Words from the Scrabble app

I went to a Scrabble party recently and a colleague sold me on the virtues of the online Scrabble ap. In the margin of the game board, Hasbro gives you all the acceptable two-letter words (from AE to CH, JO, KI, QI, XI, and ZA, among others) and there is even a word checker.

The coolest feature though is the little “teacher” button which tells you what you could have done better. Sometimes these are things you overlook and sometimes they are words you never knew existed. I’ve been jotting the latter down in my linguist’s notebook (where I capture found usage, malapropisms, closed caption fails, or if I’m bored, diagram sentences). But, like lists of digits, the words are hard to remember unless you look up there meanings, so I looked some up. “ayo” is an interjection of greeting, “awee” is a Scots word for a little while, “iwi” is a social unit of Māori culture. “euid” is an acronym for effective user id, the helpful “euoi” is a cry of impassioned rapture in ancient Bacchic revels.

“Quinas” is a plural referring to the five quinas (small blue shields) on a Portuguese flag, while “Quean “ay” chiefly Scottish: woman; especially: one that is young or unmarried (outside of Scots, it apparently refers to an ill-behaved girl or woman, so some research is called for). “Yar” is a nautical term for easy to handle, but also an archaic word meaning to growl. “Farding” The upper stomach of a cow, or other ruminant animal; the rumen (the Urban Dictionary also defines it as “to apply make up”). And a “dhuti” is a long loincloth worn by many Hindu men in India or the cotton fabric, from which the loincloth is made. “Figue” is an alternative spelling of “fig,” from middle French, “dwined” menas to waste away, pine or languish, “bufo” is a type of toad and “laogais” is the system of forced-labor camps in China. “Trez” is the third tine of an antler’s beam (of course), “socidcity” is a measure of the amount of available sodium in water or soil. “Soom” is apparently an acronym for “Scan Once, Output Many” and “ritts” is another tech acronym.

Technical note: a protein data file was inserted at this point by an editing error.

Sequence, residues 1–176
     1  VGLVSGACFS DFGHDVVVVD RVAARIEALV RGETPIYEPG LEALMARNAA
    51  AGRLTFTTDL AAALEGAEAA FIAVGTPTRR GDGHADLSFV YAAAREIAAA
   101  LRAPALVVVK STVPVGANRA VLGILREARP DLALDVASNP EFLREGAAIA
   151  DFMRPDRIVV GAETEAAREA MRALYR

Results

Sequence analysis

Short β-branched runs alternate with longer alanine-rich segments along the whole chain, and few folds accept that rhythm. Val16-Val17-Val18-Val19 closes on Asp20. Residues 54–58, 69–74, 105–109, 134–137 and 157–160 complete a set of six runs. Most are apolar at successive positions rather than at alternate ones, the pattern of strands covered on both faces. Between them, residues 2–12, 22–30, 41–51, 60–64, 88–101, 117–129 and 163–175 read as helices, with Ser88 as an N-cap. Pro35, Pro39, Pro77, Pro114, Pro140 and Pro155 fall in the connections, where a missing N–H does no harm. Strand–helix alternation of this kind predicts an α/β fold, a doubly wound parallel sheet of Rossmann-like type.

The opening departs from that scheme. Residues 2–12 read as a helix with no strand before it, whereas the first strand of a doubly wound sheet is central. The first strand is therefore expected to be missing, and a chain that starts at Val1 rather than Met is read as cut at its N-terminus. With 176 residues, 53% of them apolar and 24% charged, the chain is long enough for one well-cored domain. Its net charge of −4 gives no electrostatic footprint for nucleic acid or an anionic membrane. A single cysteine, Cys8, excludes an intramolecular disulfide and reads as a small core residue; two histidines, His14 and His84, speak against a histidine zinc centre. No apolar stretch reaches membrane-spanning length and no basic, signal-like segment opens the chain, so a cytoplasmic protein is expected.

You can see why I missed these words.

About Ed Battistella

Edwin Battistella’s latest book Sorry About That: The Language of Public Apology was released by Oxford University Press in June of 2014.
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